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digitalmars.D.learn - How would I sort an associative array by value?

reply "ixid" <nuaccount gmail.com> writes:
Or more generally does D have a library function so I can sort 
one array based on sorting the contents of another? I don't want 
to just sort the values alone, the associated keys would need to 
move with them. I can think of ways of doing it myself, just 
wondering if there's an elegant way built in.
Jun 29 2012
parent reply Timon Gehr <timon.gehr gmx.ch> writes:
On 06/29/2012 07:52 PM, ixid wrote:
 Or more generally does D have a library function so I can sort one array
 based on sorting the contents of another?

sort!"a[0]<b[0]"(zip(basedOnThis, alsoSortThis)); This sorts both ranges in-place based on the contents of the first range.
Jun 29 2012
next sibling parent "ixid" <nuaccount gmail.com> writes:
Thank you!
Jun 29 2012
prev sibling parent reply "Ludovit Lucenic" <llucenic gmail.com> writes:
On Friday, 29 June 2012 at 18:00:06 UTC, Timon Gehr wrote:
 On 06/29/2012 07:52 PM, ixid wrote:
 Or more generally does D have a library function so I can sort 
 one array
 based on sorting the contents of another?

sort!"a[0]<b[0]"(zip(basedOnThis, alsoSortThis)); This sorts both ranges in-place based on the contents of the first range.

Hello, I have a similar problem, having statistics per class instance. How would I print out the statistics sorted ? struct TestTuple { ... } int[TestTuple] stats; foreach (test, stat; ??) { writeln(test, " = ", stat); } Please, what comes in ?? ? Your proposal sort!"a[0]<b[0]"(stats) does not compile in this place. Thank you in advance, Ludovit
Sep 05 2013
parent reply "H. S. Teoh" <hsteoh quickfur.ath.cx> writes:
On Fri, Sep 06, 2013 at 08:58:48AM +0200, Ludovit Lucenic wrote:
 On Friday, 29 June 2012 at 18:00:06 UTC, Timon Gehr wrote:
On 06/29/2012 07:52 PM, ixid wrote:
Or more generally does D have a library function so I can sort one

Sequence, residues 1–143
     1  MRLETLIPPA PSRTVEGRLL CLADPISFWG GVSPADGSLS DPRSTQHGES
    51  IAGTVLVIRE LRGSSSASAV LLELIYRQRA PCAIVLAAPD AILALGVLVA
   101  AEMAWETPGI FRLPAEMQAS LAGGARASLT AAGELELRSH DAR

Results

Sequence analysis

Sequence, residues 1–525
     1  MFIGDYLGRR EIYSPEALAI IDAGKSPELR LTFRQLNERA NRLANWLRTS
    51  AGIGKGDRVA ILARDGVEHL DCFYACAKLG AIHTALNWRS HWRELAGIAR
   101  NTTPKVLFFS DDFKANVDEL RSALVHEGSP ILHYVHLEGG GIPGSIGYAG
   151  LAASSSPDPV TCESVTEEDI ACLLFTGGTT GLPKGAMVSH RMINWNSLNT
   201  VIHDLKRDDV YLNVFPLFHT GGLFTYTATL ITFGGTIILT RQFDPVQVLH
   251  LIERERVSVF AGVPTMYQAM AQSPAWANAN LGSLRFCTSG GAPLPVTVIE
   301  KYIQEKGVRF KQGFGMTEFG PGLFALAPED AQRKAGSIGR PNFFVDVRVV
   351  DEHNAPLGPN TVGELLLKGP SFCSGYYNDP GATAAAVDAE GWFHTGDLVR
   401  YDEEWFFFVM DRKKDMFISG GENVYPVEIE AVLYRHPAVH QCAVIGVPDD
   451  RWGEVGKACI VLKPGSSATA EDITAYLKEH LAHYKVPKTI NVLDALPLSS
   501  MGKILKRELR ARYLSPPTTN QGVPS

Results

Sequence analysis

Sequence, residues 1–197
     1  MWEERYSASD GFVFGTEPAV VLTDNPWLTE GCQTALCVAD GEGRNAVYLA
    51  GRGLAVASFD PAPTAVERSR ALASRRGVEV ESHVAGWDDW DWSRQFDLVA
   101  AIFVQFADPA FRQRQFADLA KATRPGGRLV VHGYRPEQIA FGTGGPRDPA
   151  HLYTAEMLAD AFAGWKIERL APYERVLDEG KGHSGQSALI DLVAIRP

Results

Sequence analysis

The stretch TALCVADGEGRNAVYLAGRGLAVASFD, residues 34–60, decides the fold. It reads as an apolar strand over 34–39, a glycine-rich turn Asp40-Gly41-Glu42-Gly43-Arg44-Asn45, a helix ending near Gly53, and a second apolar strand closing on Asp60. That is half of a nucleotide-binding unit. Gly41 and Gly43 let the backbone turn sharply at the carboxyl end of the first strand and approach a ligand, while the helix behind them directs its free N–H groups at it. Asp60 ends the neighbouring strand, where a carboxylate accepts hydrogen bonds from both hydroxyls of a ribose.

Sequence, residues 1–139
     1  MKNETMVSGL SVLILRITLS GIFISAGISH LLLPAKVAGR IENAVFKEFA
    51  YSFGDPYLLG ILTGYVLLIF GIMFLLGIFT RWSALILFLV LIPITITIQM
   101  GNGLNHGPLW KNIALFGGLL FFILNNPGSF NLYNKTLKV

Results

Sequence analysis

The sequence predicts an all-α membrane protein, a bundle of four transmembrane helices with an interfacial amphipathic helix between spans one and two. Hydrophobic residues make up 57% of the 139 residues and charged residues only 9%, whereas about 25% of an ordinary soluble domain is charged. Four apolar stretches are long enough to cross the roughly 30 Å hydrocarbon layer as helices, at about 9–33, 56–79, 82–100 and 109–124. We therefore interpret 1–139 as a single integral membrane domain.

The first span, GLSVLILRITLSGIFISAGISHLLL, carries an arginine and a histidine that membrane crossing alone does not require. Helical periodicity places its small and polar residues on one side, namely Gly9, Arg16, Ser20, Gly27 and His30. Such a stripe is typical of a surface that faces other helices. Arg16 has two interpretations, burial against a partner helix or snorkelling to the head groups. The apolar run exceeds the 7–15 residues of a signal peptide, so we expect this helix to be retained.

array based on sorting the contents of another?

sort!"a[0]<b[0]"(zip(basedOnThis, alsoSortThis)); This sorts both ranges in-place based on the contents of the first range.

Hello, I have a similar problem, having statistics per class instance. How would I print out the statistics sorted ? struct TestTuple { ... } int[TestTuple] stats; foreach (test, stat; ??) { writeln(test, " = ", stat); } Please, what comes in ?? ? Your proposal sort!"a[0]<b[0]"(stats) does not compile in this place.

[...] You mean you want to sort the stats.keys by the values they are mapped to? What about: import std.array, std.algorithm, std.stdio, std.typecons; // I don't know what your original struct was, this one is just // for example. struct TestTuple { string name; } void main() { int[TestTuple] stats; // Make some sample data for testing stats[TestTuple("test1")] = 10; stats[TestTuple("test2")] = 4; stats[TestTuple("test3")] = 8; stats[TestTuple("test4")] = 11; // Sort by stats. If you want to sort by name instead, // change "a[0] < b[0]" to "a[1] < b[1]". foreach (t; stats.keys .map!((a) => tuple(stats[a], a)) .array .sort!((a,b) => a[0] < b[0])) { auto stat = t[0]; auto test = t[1]; writeln(test, " = ", stat); } } The built-in AA's are inherently unordered, so they cannot be sorted directly. You have to explicitly put the keys / values into an array and sort that. T -- Computers shouldn't beep through the keyhole.
Sep 06 2013
parent "Ludovit Lucenic" <llucenic gmail.com> writes:
On Friday, 6 September 2013 at 16:57:09 UTC, H. S. Teoh wrote:
 You mean you want to sort the stats.keys by the values they are 
 mapped
 to?

Yes, this exactly I wanted to do.
 What about:

 	import std.array, std.algorithm, std.stdio, std.typecons;
 	
 	// I don't know what your original struct was, this one is just
 	// for example.
 	struct TestTuple {
 		string name;
 	}
 	
 	void main() {
 		int[TestTuple] stats;
 	
 		// Make some sample data for testing
 		stats[TestTuple("test1")] = 10;
 		stats[TestTuple("test2")] = 4;
 		stats[TestTuple("test3")] = 8;
 		stats[TestTuple("test4")] = 11;
 	
 		// Sort by stats. If you want to sort by name instead,
 		// change "a[0] < b[0]" to "a[1] < b[1]".
 		foreach (t; stats.keys
 				.map!((a) => tuple(stats[a], a))
 				.array
 				.sort!((a,b) => a[0] < b[0]))
 		{
 			auto stat = t[0];
 			auto test = t[1];
 			writeln(test, " = ", stat);
 		}
 	}

 The built-in AA's are inherently unordered, so they cannot be 
 sorted
 directly. You have to explicitly put the keys / values into an 
 array and
 sort that.


 T

Thank you, your code makes perfect sense. I'm still kinda discovering beauty of D. Ludovit
Sep 07 2013